Crimes against nautical nature
An island of plastic trash twice the size of Texas swirls in the Pacific Ocean. In much of the Caribbean, 80 percent of shallow coral reefs are dead. By the end of this century, as many as half of the Earth’s species will be extinct.
Oh, and don’t forget: Our collective carbon emissions appear to have committed us to a future that’s about 1.8 degrees Celsius warmer than preindustrial levels. That’s hotter than the planet has been for millions of years.
Have you stopped reading this column yet? “Human kind,’’ says a bird in the first of T.S. Eliot’s “Four Quartets,’’ “cannot bear very much reality.’’ Eliot’s bird is probably right: On how many mornings have I flipped past the latest doomsday statistics and headed straight for the sports section?
And yet, in her new book “The World Is Blue: How Our Fate and the Ocean’s Are One,’’ eminent oceanographer Sylvia A. Earle warns, “Diminishing the diversity of life as we are now doing translates to diminished chances for our continued prosperity.’’
In “Down to the Wire: Confronting Climate Collapse,’’ Oberlin professor David W. Orr, puts things more directly. “It is clear,’’ he writes, “that we are headed toward a global disaster that has the potential to destroy civilization.’’
Maybe it’s time for all of us to start bearing more reality. Lots more.
“I know of no purely rational reason for anyone to be optimistic about the human future,’’ says Orr. The vision of our greenhouse future in “Down to the Wire’’ is not one of pleasant January walks on Cape Cod in T-shirts while farms of windmills turn happily in the background. What Orr foresees instead is absolute global destabilization.
For Orr, climate change is the only issue, not one among many. Ignore it, he argues, and we’ll guarantee our own extinction. Even if we do manage to cap carbon emissions and start the atmospheric system on a path toward rebalancing itself, Orr insists that we’d better start preparing for cataclysmic droughts, repeated acts of terrorism, massive human migrations from the coasts, a Midwest unsuitable for growing wheat by 2050, and the potential inundation of New Orleans, Miami, Washington, Baltimore, and Boston (yes, Boston), along with dozens more coastal cities.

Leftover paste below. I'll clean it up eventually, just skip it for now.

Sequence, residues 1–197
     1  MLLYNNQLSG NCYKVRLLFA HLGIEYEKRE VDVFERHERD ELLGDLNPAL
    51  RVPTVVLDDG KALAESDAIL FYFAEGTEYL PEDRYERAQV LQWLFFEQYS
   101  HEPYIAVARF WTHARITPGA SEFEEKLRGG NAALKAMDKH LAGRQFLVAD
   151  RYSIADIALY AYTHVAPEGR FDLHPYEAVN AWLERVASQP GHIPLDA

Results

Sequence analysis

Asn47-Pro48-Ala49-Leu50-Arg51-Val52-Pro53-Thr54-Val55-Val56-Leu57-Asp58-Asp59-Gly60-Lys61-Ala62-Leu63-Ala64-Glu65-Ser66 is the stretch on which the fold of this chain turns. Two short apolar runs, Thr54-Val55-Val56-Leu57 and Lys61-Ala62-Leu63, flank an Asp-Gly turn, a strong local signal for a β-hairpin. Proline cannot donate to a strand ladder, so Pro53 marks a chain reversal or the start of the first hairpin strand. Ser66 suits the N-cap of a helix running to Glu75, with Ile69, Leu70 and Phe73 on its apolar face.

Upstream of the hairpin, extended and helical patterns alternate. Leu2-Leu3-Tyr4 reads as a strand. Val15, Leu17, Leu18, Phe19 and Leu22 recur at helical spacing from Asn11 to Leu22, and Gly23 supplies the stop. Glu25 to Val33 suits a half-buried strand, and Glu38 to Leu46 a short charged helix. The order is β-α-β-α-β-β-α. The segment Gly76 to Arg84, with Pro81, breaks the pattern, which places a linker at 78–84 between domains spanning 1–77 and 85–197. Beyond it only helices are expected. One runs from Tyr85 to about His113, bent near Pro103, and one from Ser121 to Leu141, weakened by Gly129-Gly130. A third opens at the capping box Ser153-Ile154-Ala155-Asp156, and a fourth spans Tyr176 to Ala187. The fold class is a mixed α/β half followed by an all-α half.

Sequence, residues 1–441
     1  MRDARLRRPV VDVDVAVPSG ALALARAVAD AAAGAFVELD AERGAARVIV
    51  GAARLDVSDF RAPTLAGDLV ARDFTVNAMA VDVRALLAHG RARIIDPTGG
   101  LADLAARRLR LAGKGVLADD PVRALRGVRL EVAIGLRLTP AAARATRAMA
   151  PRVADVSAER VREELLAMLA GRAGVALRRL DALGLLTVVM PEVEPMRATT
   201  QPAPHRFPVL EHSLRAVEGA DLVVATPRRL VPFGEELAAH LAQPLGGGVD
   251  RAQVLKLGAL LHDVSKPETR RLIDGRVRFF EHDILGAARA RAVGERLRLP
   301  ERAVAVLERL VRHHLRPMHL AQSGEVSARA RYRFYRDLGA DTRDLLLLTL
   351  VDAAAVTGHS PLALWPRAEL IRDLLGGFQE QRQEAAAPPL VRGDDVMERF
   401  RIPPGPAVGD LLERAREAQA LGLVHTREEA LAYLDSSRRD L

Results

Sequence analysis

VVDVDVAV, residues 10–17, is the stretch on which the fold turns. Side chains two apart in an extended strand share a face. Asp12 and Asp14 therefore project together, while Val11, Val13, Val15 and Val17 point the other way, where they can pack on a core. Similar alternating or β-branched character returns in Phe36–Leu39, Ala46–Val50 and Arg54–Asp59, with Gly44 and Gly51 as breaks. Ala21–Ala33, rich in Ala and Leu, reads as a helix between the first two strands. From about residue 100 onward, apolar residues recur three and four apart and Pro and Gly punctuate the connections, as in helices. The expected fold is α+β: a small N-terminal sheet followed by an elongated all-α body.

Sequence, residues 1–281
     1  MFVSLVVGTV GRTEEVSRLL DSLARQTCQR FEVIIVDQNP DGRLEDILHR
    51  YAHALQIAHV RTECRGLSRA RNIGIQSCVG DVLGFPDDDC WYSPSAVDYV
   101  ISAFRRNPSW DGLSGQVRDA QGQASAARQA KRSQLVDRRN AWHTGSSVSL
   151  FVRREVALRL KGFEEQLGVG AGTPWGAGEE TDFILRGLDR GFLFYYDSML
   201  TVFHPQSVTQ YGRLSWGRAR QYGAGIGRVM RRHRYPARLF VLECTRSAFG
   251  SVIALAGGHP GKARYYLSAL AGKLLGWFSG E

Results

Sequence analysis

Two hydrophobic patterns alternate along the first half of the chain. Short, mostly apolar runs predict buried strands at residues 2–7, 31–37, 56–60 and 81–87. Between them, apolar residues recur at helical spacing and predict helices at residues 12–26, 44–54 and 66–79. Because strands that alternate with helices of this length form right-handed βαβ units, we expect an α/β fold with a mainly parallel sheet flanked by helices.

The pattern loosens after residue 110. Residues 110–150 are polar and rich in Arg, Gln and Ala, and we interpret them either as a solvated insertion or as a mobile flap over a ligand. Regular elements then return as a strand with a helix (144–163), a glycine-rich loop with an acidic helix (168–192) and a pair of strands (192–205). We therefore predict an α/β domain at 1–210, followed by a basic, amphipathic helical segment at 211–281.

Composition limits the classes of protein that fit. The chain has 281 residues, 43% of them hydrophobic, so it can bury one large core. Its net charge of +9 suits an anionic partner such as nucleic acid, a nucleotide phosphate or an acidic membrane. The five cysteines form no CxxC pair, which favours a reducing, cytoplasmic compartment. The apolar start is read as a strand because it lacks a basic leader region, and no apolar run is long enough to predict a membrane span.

I don’t mean to make “Down to the Wire’’ sound like disaster porn; this book is nothing like “2012’’ or whatever new doomsday movie is detonating in our cinemas. Rather it’s a grave assessment of our government’s incapacity to withstand the massive challenges that lay in the decades ahead.
If you want a list of a dozen cheerful things to buy to “green’’ up your life, “Down to the Wire’’ is not your kind of book. But if you can bear a dire, relentless, and daunting series of proposals for what we should do now to ensure that our grandchildren can live recognizably decent lives, give it a read.
In “The World is Blue,’’ Earle is slightly less grim as she whisks her reader through a hit list of humanity’s various oceanic felonies. Earle is a brilliant defender of the seas, and she’s lived long enough to see firsthand just how much we’ve damaged them in the past 75 years, from spilling oil, to taking 90 percent of the big predatory fish, to acidifying the oceans with our carbon output.
“The fact is,’’ Earle writes, busily mixing metaphors, “that our actions relative to the natural living world, land, air, and sea, have taken us to a precipice, a tipping point, a crossroads with ourselves in the crosshairs, the ones responsible for the fix we’re in.’’
Thankfully her book is urgent without becoming indignant, and her prose is interspersed with lots of personal anecdotes from a lifetime of diving and peering out submarine windows. This is not just someone who laments the fate of, say, the spiny lobster, but someone who can write, “Even in the 1950s, during my first underwater explorations of the Florida Keys, it seemed that spiny lobsters were everywhere, their long antennae seeming to sprout like whiskers from ledges and crevices.’’
Fundamentally Orr and Earle are making moral arguments, not scientific or philosophical ones. If our current course of action imperils the lives of our descendants, they argue, we are obligated to change course.
Here’s Earle: “We cannot magically go back to a time when the carbon dioxide level in the atmosphere was less, when fish, trees, and wild places were more, but we can make the future better than it otherwise would be if we do nothing.’’
Here’s Orr: “I believe there are grounds for hope, but since we have frittered away our margin of safety, they are a century or more ahead in an unknown future when we have stabilized the carbon cycle, reduced the concentration of greenhouse gases to preindustrial levels, stopped the hemorrhaging of life, and finally ended the curse of violence.’’
Can we transform media, divorce money from politics, build a carbon-neutral society, protect large sections of our oceans, and find leaders who can put sustainability into a moral context? If we fail, the lives we’ll ruin will be not only those of tree frogs or spotted owls or people who live in low-lying coastal cities.
The lives we’ll ruin will be those of our children.
Anthony Doerr is the author of “The Shell Collector,’’ “About Grace,’’ and “Four Seasons in Rome.’’